Thursday, July 3, 2014

Fat Pete's Barbecue Food Review

And so, the curse continues. Fat Pete's Barbecue swings and misses on its first day in Cleveland Park, as it tries to put an end to a string of failures at the former McDonald's space. Think about it: How often does McDonald's close? Fat Pete's has a nice logo and website; but that seems to be about all it has going for it. Cold, bland food and almost zero visibility inside, I'd place the over/under for survival at 12 months.

Don't feel bad if you have trouble getting inside: You're not the only one. The exterior still resembles a prison (complete with scary front gates) and you can only enter via the left door(s.) Do us a favor. Put signs above that say ENTER ONLY and EXIT ONLY... Preferably lit. Once you do get inside, stay near the front; or request a candle, flashlight or tiki torch to find your way to the back. Fat Pete's is almost pitch dark inside (even darker than an Irish pub.) Perhaps it's done on purpose, so you won't notice how little the space has changed since previous tenants Tackle Box and Pulpo.

Pulled Pork Platter

It's almost impossible to tell you're in a barbecue restaurant. Fat Pete's looks and feels generic. Sure there's country music in the background; but hide the menus, and nobody would guess you can order pulled pork or sliced brisket. Service was solid, but far from spectacular: My server Tony was friendly and polite, yet very soft spoken. He was quick with the check, but missed my empty cup of water. Speaking of, Fat Pete's uses plastic cups... the cheap, flimsy kind, you'd be embarrassed to whip out for a casual backyard picnic. To her credit, the bartender noticed my empty cup during a walk-by; but by then, I was already finished with my meal.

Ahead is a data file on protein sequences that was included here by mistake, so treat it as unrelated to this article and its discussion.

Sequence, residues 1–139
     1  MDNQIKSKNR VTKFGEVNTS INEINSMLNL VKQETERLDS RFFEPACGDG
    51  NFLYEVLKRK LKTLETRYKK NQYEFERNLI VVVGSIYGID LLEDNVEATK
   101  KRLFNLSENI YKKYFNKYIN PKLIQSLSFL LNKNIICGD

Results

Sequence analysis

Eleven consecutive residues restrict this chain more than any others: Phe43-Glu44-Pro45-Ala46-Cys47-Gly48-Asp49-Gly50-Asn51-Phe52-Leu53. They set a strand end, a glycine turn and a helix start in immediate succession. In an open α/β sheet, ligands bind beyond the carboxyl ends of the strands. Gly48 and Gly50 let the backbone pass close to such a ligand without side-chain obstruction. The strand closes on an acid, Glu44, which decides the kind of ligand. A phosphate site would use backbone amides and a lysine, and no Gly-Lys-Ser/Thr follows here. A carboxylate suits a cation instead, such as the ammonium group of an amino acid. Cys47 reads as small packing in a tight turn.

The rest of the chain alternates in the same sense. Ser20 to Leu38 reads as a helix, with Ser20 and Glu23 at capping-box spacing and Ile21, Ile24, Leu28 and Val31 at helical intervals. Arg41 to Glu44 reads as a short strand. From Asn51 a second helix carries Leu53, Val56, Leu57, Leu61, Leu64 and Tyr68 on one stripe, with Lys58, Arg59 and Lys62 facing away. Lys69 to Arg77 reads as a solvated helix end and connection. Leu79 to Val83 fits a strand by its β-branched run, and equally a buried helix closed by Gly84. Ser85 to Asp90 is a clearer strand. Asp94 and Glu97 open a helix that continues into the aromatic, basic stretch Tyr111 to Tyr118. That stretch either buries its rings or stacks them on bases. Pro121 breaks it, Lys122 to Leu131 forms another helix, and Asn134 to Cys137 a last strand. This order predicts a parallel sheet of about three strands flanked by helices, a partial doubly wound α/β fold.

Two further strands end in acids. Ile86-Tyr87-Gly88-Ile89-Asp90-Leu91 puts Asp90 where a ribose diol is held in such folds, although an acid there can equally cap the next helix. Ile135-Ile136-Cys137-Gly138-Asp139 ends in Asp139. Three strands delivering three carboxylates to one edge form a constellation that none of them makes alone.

The menu is pretty straight forward; and there are bargains to be had. I settled on a Pulled Pork Platter for $10.99 that comes with two small sides. My wait was short (about five minutes) and it took even less time to figure out why. It was 2:00 PM, and there were only half-a-dozen customers eating in. I received an impressive looking plate of food, divided into three parts. Two pieces of Corn Bread, five Hush Puppies (both served with honey butter) and a plate of plain (no sauce) pulled pork... ice cold.

Fat Pete's advertises six housemade sauces on its menu; but all I could find at my table was one bottle each of Sweet and Spicy sauce. Perhaps I should have asked for more, or perhaps Tony should have asked/told me. I opted for Spicy, but it wouldn't come out of a surprisingly dirty dispenser (day one, right?) I had to walk over to the next table, and grab a bottle from there. Unfortunately, the cold sauce only made a cold order of pulled pork even colder. Said sauce was spicy but simultaneously sweet, and ultimately pedestrian. The Sweet variety is a bit nicer; but I'd prefer a supermarket tub of Jack Daniel's or Tony Roma's to this barbecue, any day of the week (and twice on Sunday.) Practically inedible.

My Hush Puppies weren't much better... hot, but flavorless. The menu says goat cheese and smoked poblano pepper, but all I tasted was dough. Next. Thankfully, the corn bread was pretty banner... dense, sweet and easily the best item on my plate. If I go back, I'd like to try the candied yams, cole slaw (two kinds) and mashed potatoes (loaded with garlic, pimento cheese and scallions.)

Is this the set of Pitch Black, or Fat Pete's?

As for a second visit, don't hold your breath. The interior desperately needs character; and it's almost inexcusable not to have a manager walk the floor (on opening day) and ask how things are going. The one guy that appeared to be in charge stood/walked by my table on several occasions, but didn't seem to notice me (probably because I wasn't a fellow 50-something guy from nearby Cleveland Park Grill, several of whom stopped by to exchange pleasantries.) The rest of the atmosphere was absorbed by non-stop talk regarding day-to-day operations... not exactly tableside chatter, but the kind of conversation you'd expect to hear at a staff meeting (as opposed to around/on top of customers trying to eat.) It reminded me of Tackle Box (right before they shut down) and Pulpo (pretty much from day one.) It's a business, first and foremost... Treat it like one.

Who knows? Perhaps today's shortcomings can be attributed to first-day jitters; but it didn't feel like it. Maybe we need a proven commodity to come into town (Outback Steakhouse, where are you?) and show everyone how it's done. Until then, I'll wait for things to improve... but I won't be holding my breath.